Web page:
How can we help people buy into change?
This is one of the most common questions we hear from leaders and team members who are trying to help people move in a new direction. Leading change is rarely easy, but we can improve our chances by designing change in ways that support adoption by key stakeholders.
One helpful strategy for leading change is to think of change as innovation. In essence, when we are asking people to change the way they do things, we are asking them to adopt innovation. We know from extensive research by Everett M. Rogers and others that people are more likely to adopt innovation (or change) when certain positive factors are present. These factors include:
- Credibility. The innovation is endorsed by a credible person, group, or institution.
- Clarity. The innovation is clearly understood by the potential adopters.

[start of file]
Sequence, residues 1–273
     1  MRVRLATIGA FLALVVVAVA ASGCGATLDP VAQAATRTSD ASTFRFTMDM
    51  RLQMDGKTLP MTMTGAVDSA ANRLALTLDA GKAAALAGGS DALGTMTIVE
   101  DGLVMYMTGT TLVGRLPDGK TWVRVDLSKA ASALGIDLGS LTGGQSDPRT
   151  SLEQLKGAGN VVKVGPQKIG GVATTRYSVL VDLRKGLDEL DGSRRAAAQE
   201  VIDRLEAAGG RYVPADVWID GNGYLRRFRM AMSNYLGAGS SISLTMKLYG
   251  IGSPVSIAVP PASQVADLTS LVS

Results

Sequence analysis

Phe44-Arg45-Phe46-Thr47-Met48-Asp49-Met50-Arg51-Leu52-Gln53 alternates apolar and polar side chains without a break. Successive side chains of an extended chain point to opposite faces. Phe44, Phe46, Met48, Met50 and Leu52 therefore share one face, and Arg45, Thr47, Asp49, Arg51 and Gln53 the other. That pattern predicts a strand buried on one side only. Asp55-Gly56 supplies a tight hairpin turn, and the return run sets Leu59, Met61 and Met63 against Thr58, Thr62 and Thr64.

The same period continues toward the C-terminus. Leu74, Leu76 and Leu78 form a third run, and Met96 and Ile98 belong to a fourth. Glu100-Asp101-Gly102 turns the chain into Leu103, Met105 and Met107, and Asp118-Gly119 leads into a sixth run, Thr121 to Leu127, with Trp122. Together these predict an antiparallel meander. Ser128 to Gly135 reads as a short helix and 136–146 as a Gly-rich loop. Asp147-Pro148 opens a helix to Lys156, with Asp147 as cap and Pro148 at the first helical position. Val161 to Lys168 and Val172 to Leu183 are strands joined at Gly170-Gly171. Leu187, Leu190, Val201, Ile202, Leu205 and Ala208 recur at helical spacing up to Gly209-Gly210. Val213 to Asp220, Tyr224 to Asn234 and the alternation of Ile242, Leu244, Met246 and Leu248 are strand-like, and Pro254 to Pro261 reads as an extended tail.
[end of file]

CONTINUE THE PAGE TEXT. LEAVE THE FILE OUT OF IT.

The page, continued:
- Advantage. The innovation is perceived to have a relative advantage over the existing or alternative options.
- Compatibility. The innovation is perceived as being consistent with the existing values, past experiences, and needs of potential adopters.
- Feasibility. The innovation is perceived as being feasible to implement.
- Testability. The innovation can be tried on a limited basis prior to full-scale adoption.
- Adaptability. The innovation can be adapted for the local setting based on insights from adopters.
If we are able to design change in ways that address most or all of these seven factors, we have a better chance of helping people embrace change – or diagnosing why they might resist it.
So the next time you are making a pitch for change, ask yourself these questions: Is it credible? Is it clear? Does it have a relative advantage? Is it compatible with the audience’s values, experiences, and needs? Is it feasible to implement? Can people try it before they fully adopt it? Can people adapt it for the local setting? Few changes meet all of these criteria at once. But to the extent you can optimize the design to address these questions, you will have a better chance of success.